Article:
The results did match most of our expectations. Most people had been to 2-5 countries, and it was less likely for students to have gone to more than 13 countries. However, we were surprised that 15/100 people reported that they had been to 20+ countries. We felt that this was strange and there may have been a mistake. Perhaps people read the question wrong or there is a large bias.
The results do match what we expected. Students will likely have a GPA around a 3, with some deviation. It is impossible to have a GPA above a 4.5 and unlikely to have one below a 1.5. However there may be bias given the audience and method of our survey.
Correlation Between Q2 & Q3
Current GPA & # of countries traveled to
Correlation Between Q1 & Q3
# of people in family & # of countries traveled to
Impact of Outlier
correlation: Weak negative
r= 0.0963
Variance= 0.929%

correlation: weak negative correlation
Linear regression line:
r= 0.0732
Variance= 0.536
correlation: strong positive correlation!
r= 0.8217
Variance= 67.528%

With outlier:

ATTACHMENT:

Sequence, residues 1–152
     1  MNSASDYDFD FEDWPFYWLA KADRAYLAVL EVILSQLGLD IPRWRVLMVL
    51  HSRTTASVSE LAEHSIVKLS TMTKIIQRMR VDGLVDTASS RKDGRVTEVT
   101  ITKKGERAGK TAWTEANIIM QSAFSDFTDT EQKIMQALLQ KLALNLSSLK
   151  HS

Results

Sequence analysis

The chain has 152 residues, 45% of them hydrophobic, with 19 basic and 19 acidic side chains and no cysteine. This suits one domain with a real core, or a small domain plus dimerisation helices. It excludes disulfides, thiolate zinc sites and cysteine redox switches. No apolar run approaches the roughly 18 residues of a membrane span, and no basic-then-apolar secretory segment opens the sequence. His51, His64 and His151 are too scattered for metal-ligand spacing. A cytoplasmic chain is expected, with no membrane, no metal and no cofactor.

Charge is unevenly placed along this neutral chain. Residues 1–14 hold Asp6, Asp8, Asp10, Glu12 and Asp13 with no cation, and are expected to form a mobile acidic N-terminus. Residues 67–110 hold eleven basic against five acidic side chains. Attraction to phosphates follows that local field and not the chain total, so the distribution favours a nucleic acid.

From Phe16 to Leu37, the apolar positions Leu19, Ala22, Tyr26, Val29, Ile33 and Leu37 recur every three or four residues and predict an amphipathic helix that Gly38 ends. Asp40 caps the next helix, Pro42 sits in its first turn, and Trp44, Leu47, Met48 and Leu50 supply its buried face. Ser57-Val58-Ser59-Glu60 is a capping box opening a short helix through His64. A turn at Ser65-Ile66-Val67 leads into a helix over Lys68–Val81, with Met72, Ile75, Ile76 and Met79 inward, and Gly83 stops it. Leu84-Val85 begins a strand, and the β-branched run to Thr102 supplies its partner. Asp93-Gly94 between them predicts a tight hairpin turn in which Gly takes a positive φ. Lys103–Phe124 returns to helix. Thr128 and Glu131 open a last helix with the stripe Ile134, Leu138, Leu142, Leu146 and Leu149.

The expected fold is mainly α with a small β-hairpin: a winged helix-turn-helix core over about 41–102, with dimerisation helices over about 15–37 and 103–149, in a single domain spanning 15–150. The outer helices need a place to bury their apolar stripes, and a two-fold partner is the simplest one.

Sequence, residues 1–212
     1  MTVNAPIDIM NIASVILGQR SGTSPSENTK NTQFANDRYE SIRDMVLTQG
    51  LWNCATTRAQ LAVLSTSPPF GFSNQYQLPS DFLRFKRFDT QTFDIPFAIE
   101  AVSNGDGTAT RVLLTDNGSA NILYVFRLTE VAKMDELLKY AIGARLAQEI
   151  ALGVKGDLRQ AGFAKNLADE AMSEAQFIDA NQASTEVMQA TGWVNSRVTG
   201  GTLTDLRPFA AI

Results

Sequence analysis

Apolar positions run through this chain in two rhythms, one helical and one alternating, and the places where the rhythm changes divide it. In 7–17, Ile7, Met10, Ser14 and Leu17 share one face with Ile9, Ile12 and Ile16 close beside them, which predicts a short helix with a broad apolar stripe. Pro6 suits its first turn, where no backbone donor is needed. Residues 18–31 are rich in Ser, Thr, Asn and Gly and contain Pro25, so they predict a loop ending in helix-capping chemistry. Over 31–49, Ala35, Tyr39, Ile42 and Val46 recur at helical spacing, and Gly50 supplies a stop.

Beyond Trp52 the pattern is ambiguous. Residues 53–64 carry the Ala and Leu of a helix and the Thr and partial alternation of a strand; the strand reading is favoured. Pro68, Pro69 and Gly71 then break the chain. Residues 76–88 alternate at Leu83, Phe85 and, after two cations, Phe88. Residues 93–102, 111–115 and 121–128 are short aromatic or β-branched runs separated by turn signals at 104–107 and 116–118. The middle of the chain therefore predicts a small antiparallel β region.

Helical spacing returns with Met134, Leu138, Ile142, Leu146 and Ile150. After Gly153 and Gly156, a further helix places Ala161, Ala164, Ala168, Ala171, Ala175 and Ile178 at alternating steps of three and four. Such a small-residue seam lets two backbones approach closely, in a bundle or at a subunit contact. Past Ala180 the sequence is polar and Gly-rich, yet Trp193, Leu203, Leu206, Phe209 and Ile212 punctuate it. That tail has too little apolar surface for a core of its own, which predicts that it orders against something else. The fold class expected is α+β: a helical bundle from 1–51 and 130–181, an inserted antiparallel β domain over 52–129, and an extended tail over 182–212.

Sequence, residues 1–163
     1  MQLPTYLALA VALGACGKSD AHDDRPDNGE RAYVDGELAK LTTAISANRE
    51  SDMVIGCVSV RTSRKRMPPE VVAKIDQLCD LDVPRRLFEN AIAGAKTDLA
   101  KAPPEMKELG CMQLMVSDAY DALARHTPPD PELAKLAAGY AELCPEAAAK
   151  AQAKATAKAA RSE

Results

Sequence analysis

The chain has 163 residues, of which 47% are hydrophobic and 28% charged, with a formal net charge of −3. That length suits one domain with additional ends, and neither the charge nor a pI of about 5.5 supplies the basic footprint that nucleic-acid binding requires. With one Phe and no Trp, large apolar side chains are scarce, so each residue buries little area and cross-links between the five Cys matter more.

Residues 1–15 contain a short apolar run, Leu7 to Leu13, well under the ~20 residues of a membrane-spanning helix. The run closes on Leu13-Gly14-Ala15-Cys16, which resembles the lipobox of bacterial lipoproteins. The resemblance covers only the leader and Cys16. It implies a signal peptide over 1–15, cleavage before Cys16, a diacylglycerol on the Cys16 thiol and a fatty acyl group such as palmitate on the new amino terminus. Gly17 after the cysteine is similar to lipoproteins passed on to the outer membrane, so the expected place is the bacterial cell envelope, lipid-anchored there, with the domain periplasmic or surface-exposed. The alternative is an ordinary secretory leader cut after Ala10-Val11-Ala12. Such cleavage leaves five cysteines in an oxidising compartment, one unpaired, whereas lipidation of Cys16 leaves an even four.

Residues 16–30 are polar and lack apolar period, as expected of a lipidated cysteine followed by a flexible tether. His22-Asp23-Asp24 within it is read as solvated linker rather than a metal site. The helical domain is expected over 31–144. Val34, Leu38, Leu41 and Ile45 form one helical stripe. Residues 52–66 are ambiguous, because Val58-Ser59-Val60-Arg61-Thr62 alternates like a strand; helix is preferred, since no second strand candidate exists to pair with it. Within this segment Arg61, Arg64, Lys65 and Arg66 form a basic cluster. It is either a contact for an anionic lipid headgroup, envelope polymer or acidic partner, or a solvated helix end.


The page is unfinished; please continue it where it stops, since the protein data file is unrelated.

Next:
Without 2 outliers:
Can you guess
what we're trying
to find out???
The data was not very surprising in terms of the numerous amounts of high GPAs, considering the majority of our FB friends receive good grades; however, we did not expect that everyone from large families would have such high GPAs or that many people from smaller sized families would have such low GPAs. The data was almost opposite from what we had originally predicted. The large the family size, the higher the GPA--this was very surprising!
1: 1.1-2.0
2: 2.1-3.0
3: 3.1-4.0
4: 4.1-5.0
GPA Range
Can't be 100% sure on anything b/c so much bias & small sample size :(
Based off data collected, the larger the family size, the higher the GPA
No obvious correlation between GPA & countries visited
Slight correlation between countries visited and family size: the larger the family size, the less countries visited
The number of people in a family accounts for 67.528% of varying GPA's. This is a fairly strong correlation.